A Bench led by Chief Justice of India Dipak Misra issued notice to the government and ordered it to respond on the issue in the next three weeks
Find Alternatives to Death by Hanging, Supreme Court tells Government
Why can’t hanging as a means of causing death to condemned prisoners stop? the Supreme Court asked the government.
The condemned should die in peace and not in pain. A human being is entitled to dignity even in death, the Supreme Court observed.
The government should look to the “dynamic progress” made in modern science to adopt painless methods of causing death.
A Bench led by Chief Justice of India Dipak Misra issued notice to the government and ordered it to respond on the issue in the next three weeks.
“Legislature can think of some other means by which a convict, who under law has to face death sentence, should die in peace and not in pain. It has been said since centuries that nothing can be equated with painless death,” Chief Justice Misra observed in the court’s order.
The court clarified that it was not questioning the constitutionality of death penalty, which has been well-settled by the apex court, including in the Bachan Singh case reported in 1983.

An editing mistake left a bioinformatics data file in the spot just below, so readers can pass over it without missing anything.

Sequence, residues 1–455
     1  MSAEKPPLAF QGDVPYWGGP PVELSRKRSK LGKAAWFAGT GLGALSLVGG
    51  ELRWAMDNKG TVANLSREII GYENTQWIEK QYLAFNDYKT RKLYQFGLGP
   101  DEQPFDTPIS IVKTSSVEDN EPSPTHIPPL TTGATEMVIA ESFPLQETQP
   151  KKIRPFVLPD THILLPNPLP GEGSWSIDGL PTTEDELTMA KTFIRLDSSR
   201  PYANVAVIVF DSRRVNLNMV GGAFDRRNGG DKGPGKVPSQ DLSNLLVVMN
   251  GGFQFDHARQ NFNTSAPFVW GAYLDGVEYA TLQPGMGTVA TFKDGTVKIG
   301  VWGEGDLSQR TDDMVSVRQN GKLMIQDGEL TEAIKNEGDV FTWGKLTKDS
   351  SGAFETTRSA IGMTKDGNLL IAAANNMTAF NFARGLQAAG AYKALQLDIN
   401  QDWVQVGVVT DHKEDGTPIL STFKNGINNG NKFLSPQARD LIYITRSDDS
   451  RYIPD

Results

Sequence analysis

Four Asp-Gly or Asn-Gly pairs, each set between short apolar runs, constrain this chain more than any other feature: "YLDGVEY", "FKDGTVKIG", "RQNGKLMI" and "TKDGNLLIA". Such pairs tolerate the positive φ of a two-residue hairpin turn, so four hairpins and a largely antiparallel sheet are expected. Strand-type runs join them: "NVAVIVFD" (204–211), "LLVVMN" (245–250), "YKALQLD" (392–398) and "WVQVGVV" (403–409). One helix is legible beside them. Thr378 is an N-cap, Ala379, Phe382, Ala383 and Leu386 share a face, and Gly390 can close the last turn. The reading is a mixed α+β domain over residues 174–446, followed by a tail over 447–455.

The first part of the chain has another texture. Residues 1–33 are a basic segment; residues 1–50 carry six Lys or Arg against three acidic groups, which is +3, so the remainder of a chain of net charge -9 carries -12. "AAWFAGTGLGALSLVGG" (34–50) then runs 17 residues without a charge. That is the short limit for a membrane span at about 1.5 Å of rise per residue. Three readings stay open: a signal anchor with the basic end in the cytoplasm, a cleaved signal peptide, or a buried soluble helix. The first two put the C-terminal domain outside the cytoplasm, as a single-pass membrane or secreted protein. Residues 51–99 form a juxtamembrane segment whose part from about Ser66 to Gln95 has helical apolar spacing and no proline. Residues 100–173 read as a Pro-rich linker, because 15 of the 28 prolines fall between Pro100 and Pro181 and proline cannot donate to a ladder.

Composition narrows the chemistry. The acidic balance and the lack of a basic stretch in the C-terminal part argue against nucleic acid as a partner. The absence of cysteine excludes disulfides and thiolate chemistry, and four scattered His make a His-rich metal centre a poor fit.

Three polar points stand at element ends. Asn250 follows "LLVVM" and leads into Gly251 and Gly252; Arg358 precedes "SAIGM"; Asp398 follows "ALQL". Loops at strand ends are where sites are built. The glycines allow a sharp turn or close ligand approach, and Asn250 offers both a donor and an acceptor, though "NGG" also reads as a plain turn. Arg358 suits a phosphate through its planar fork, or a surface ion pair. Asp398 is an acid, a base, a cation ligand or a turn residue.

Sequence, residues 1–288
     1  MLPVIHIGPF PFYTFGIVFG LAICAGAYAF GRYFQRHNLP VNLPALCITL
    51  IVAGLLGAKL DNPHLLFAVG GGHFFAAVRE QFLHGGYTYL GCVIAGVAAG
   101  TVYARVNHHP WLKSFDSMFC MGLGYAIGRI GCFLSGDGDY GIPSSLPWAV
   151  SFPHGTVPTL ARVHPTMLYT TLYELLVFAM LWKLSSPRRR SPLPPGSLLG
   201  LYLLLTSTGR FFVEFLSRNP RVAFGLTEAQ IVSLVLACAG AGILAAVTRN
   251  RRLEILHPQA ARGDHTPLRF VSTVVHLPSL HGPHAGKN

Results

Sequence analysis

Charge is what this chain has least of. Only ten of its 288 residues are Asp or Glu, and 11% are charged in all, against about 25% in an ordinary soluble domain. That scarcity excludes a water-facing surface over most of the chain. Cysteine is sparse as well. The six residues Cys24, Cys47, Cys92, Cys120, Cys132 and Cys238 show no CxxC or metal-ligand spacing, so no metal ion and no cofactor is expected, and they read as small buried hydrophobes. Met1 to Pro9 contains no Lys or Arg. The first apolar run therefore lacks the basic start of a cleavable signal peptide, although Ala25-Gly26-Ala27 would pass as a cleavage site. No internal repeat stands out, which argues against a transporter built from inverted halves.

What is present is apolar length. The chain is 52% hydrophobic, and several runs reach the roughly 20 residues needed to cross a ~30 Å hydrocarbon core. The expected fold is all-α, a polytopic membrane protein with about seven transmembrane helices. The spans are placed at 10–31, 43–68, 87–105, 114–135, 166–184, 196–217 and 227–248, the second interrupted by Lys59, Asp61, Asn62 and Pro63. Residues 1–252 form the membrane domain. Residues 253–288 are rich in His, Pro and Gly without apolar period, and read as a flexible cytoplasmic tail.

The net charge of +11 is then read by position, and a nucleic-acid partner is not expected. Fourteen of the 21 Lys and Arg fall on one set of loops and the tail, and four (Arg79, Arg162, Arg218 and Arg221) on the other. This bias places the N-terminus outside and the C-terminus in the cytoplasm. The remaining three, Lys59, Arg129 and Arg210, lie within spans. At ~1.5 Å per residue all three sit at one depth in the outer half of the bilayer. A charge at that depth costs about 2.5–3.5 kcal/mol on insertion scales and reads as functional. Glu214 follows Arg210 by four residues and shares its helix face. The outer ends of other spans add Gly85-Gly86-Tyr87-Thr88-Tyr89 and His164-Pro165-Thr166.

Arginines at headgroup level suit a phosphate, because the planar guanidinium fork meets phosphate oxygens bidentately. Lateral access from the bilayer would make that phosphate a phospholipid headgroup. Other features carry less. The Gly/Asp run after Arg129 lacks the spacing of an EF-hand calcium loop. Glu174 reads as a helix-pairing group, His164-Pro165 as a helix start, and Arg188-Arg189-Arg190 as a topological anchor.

The court said Section 354 — which mandates death by hanging — of the Code of Criminal Procedure has already been upheld.
However, the provision of hanging to death may be re-considered as “the Constitution of India is an organic and compassionate document which recognises the sanctity of flexibility of law as situations change with the flux of time.”
The fundamental right to life and dignity enshrined under Article 21 of the Constitution also means the right to die with dignity, the Supreme court said.
The order comes on a writ petition filed by Delhi High Court lawyer Rishi Malhotra, who sought the court’s intervention to reduce the suffering of condemned prisoners at the time of death. Mr. Malhotra said a convict should not be compelled to suffer at the time of termination of his or her life.
“When a man is hanged to death, his dignity is destroyed,” Mr. Malhotra submitted.
During the hearing, Justice D.Y. Chandrachud, one of the three judges on the Bench along with Justice A.M. Khanwilkar, pointed out that in the U.S. a prisoner suffers for almost 45 minutes before his death by lethal injection.
Source: The Hindu